Golden Realities: Politics and the Olympics

Despite the supposed political neutrality that the Olympic Games carries within its very essence, some had come to question the morality and correctness of holding the games in a state with a questionable human rights record.

Nonetheless, the anticipation was tangible.

The city was tended to with the greatest of care, awaiting athletes and competitors from across the globe to come to the nation’s capital city, in awe of the greatest sports extravaganza the world had ever seen.

It was a chance to show off the state to the people of the world, of their model government, to showcase the glories of their culture and achievements of its citizens.

The site: Berlin.

The year: 1936.

Hitler’s Olympics are perhaps the most controversial to date, although that honor, as it were, may be forever surpassed by the games to be held in just a matter of days in Beijing, China.

Or so would the detractors of the Beijing games like you to believe.

For the record, it must be noted that the awarding of the games to Germany was prior to the rise of the National Socialist German Worker’s Party (aka the NSDAP aka the Nazi Party) and Hitler’s ascension to the Chancellery, making the choice of Berlin a bit less notorious as one might suspect.

The great alleged controversy of this current Olympiad – the 29th Summer incarnation – is that given China’s record pertaining to human rights abuses, coupled with a distinct lack of freedom and justice, makes the choice of Beijing incompatible with the spirit of the Olympics, and its Charter.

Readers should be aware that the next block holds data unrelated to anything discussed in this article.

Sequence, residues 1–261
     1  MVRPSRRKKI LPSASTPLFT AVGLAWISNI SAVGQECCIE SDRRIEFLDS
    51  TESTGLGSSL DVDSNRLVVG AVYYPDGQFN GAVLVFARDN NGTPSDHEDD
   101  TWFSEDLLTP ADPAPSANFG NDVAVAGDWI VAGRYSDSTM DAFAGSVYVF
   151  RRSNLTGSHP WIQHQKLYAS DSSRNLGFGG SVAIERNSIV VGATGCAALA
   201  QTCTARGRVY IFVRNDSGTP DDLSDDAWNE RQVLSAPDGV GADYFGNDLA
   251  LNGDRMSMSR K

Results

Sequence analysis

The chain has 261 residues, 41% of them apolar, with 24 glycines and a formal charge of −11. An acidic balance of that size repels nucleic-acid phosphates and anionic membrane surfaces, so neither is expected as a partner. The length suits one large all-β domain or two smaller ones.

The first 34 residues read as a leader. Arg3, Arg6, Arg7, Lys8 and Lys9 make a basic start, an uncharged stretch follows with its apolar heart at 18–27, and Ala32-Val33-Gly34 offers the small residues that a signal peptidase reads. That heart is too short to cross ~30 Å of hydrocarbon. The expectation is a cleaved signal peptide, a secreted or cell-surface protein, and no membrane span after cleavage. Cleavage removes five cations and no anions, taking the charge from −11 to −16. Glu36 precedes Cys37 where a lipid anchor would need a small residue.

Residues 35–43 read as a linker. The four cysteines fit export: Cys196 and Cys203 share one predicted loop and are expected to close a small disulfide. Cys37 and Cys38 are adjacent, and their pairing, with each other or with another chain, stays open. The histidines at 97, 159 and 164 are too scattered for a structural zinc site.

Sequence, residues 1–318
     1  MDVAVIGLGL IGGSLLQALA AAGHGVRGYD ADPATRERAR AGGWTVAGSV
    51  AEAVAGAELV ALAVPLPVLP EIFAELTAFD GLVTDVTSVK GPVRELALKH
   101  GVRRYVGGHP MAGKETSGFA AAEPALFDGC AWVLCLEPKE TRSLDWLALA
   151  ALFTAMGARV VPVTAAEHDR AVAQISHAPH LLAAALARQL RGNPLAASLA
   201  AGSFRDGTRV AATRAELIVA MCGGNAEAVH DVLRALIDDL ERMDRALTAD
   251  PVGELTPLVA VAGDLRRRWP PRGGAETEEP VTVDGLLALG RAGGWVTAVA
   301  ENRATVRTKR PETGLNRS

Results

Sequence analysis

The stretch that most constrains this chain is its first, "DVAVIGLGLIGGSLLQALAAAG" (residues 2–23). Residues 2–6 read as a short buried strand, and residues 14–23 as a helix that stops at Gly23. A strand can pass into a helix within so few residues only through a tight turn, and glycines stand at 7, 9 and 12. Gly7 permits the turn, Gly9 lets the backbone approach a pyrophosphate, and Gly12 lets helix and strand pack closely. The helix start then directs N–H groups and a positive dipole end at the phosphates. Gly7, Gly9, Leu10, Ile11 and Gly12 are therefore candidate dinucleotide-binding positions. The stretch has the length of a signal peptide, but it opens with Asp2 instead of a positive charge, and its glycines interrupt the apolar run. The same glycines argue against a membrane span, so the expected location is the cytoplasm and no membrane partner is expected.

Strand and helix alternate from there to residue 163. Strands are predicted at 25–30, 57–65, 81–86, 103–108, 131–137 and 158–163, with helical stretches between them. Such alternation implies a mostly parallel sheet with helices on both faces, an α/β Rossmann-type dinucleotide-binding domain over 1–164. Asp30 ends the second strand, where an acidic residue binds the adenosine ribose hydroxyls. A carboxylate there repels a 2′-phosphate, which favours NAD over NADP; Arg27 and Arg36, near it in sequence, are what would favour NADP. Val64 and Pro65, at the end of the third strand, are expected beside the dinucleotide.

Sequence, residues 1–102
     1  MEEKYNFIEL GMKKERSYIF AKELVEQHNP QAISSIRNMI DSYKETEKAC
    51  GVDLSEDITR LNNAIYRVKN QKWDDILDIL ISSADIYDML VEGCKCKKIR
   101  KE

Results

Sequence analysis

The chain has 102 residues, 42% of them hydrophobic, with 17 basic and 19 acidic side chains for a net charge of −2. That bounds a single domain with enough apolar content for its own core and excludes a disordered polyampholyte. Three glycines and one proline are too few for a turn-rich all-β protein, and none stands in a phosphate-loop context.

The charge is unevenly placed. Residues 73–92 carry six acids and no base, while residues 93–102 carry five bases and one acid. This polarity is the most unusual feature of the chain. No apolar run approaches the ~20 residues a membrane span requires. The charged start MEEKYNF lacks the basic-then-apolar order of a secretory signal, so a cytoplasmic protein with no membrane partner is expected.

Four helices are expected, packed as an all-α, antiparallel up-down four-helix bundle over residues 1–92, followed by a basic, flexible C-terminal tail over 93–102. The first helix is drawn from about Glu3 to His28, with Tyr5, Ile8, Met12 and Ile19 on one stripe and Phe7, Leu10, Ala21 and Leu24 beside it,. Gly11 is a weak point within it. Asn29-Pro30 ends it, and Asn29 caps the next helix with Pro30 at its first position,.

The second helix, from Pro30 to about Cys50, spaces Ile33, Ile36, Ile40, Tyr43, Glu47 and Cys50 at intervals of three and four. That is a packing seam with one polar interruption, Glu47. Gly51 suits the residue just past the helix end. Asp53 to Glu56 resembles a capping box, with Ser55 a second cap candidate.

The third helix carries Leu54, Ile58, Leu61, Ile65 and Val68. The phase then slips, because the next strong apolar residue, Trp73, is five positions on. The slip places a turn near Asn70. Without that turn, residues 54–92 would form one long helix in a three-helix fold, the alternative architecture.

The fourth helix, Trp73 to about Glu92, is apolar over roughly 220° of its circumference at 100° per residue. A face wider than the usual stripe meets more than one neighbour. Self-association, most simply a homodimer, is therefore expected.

The Charter clearly makes note of the Olympic movement’s desire for, “respect for universal fundamental ethical principles.”

China, given its grevious violations, clearly defies this Article (1) of the Charter.

Stop right there, protest supporters of China. The Olympics are not about politics or internal matters, but merely athletics, and a spirit of camaraderie, in reflection of the ancient games held centuries ago at Olympia.

That’s all well and good, and even perhaps a bit fanciful, but the truth is far more apparent: of course the Olympics are political, they likely always have been, and always will be.

Politics reared its ugly head in the tit-for-tat boycotts 1980s, when the Soviet Union boycotted the 1984 Los Angeles games after the United States and others did not participate in the Soviet games of 1980, as a result of the Soviet invasion of Afghanistan.

And it would seem, no matter the records of individual host nations in the fields of human, civil, political, or even economic rights, the IOC seems less interested in those matters than the ability of the host state to present memorable, stable, successful games.

The Soviet Union was chosen despite its poor showing in the field of human rights (e.g. Berlin Wall).

So why the hysteria over the decision to award the games to China?

Recent upheavals in Tibet and the subsequent crackdown have fueled the angst of those in the West, weary of the Chinese government’s hard hand. Additionally, stories of Chinese espionage in the United States and recalls of made in China goods have fanned the flames of anti-Chinese sentiment.

Are the objections over the Chinese holding the games legitimate? Of course. Will the regime use the games for propaganda reasons? Certainly. Will another state with dubious credentials ever hold the Olympics again? Yes, and many in the international community will point to the following certainty:

it’ll be just a matter of time before the five ringed Olympic flag flies over the United States again.

(References: Gitmo, Iraq, 2003 Invasion of, assassination of Ngo Dinh Diem, Iran-Contra, etc.)

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